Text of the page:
International Women’s Day is an important moment in the year. It's where collectively, we celebrate the achievements of women, shine a light on issues that affect them and call for gender parity.
The theme for 2021
This year's theme is #ChooseToChallenge:
"We can all choose to challenge and call out gender bias and inequality. We can all choose to seek out and celebrate women's achievements. Collectively, we can all help create an inclusive world. From challenge comes change, so let's all choose to challenge."
Recognise the agency of young women and girls
Our report, The mental heath of young women and girls policy briefing' on young women and girls, highlighted that these difficulties do exist, but that, “It is important to recognise the agency that young women and girls have to protect their mental health, to avoid implying that they are ‘helpless victims’ who must simply rely on the actions of others.”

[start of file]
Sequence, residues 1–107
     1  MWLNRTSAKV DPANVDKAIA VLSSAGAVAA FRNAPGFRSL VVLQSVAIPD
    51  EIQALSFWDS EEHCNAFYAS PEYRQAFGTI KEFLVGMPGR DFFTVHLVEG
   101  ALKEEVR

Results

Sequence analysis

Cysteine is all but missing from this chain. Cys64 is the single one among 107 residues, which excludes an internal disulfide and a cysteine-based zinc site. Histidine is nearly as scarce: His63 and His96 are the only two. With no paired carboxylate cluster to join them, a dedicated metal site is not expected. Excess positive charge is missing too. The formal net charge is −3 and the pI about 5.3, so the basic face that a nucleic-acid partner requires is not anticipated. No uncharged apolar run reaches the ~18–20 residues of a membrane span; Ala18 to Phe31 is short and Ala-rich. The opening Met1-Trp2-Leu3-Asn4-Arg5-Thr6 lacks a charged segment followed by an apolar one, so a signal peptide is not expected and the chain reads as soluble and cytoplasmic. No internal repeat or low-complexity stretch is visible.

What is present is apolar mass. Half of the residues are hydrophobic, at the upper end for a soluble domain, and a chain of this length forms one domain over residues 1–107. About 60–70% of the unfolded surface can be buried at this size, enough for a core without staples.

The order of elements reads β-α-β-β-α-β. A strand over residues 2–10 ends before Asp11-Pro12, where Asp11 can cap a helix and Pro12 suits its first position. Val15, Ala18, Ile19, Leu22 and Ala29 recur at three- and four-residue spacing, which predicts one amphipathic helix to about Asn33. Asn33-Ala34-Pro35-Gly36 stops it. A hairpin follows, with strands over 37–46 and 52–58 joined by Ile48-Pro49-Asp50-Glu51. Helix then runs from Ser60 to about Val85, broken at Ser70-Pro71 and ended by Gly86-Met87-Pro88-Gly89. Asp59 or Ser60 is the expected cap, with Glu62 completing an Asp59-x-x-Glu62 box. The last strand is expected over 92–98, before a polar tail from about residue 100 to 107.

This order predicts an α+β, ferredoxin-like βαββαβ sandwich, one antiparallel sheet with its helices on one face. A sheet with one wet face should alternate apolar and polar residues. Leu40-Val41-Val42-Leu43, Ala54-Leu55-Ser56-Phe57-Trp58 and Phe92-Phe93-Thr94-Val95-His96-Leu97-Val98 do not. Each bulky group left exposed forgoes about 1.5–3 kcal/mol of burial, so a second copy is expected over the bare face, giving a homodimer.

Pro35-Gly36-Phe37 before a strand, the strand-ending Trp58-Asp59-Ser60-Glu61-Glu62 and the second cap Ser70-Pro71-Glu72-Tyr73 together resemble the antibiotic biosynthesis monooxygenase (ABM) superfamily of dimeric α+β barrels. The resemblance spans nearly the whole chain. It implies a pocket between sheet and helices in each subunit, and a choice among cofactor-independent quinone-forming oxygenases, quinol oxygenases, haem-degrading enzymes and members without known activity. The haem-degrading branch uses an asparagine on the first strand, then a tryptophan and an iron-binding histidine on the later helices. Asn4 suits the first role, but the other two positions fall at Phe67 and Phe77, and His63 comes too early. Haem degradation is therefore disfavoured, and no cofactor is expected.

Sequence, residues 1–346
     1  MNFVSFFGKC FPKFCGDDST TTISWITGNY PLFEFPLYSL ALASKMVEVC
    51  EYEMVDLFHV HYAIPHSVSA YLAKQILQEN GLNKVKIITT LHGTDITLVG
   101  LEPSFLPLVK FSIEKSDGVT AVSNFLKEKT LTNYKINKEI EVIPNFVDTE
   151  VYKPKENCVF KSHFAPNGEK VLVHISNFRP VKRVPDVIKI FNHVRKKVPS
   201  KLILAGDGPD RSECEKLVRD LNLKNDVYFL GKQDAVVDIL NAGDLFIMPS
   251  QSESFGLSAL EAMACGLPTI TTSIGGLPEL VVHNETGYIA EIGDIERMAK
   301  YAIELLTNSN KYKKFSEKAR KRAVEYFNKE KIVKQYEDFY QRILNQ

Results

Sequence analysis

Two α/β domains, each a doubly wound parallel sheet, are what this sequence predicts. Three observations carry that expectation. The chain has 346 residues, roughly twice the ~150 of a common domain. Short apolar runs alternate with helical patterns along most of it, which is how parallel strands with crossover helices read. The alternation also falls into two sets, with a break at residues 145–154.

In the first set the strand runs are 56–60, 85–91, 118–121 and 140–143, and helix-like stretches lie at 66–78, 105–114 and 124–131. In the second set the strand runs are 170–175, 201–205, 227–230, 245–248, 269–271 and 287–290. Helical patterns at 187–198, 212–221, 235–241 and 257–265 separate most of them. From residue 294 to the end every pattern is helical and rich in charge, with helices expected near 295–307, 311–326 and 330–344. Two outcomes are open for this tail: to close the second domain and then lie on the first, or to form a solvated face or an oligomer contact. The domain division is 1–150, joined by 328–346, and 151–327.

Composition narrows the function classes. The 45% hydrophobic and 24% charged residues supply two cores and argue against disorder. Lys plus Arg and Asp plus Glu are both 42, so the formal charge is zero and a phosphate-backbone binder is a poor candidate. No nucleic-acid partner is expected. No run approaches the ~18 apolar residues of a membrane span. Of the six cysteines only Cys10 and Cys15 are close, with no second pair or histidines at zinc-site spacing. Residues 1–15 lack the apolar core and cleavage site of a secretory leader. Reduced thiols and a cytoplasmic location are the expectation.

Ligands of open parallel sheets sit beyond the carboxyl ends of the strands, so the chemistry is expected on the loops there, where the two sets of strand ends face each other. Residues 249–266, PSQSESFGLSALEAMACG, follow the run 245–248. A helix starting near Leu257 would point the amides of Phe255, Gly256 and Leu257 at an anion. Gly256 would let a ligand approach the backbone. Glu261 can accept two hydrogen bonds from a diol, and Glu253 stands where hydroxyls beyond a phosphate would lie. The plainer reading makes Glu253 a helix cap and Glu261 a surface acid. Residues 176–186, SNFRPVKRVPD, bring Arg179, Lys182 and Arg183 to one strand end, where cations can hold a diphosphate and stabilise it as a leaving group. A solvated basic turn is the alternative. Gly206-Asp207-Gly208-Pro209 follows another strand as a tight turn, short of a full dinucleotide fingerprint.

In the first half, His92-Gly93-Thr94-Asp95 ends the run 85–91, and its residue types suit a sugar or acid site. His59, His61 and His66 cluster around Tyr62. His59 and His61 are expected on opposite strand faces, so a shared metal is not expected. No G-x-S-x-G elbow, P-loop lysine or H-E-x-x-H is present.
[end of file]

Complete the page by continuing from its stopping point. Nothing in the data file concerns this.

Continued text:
Take an empowered stand
Today, we can make an empowered stand as women and girls.
This day means so much because we get a chance to raise awareness around these statistics, make a stand and say they shouldn’t be this way, and that it is not the individual's fault.
To create momentum for societal and structural change and shine a light on those that have defied the odds and show others that with education and campaigning they can too!
International Women's Day are asking for you to strike the #ChooseToChallenge pose: raise your hand high and show that you commit to choosing to challenge inequality, call out bias, question stereotypes, and help forge an inclusive world.
The mental health of young women and girls policy briefing
The mental health of young women and girls is deteriorating, and the gap between men and women has widened over recent years. As the evidence section in this paper will show, the last 15 years have seen an unprecedented rise in reported mental health problems amongst young women and girls. We now see their needs reaching crisis levels.
Engaging with complexity: Providing effective trauma-informed care for women
In recent years, understanding of trauma has increased significantly. Alongside this has been a growing recognition of the role institutions can play in perpetuating trauma, inadvertently causing further harm to some of the most vulnerable people they work with. Understanding the impact of trauma on women is, therefore, vital for providing effective services.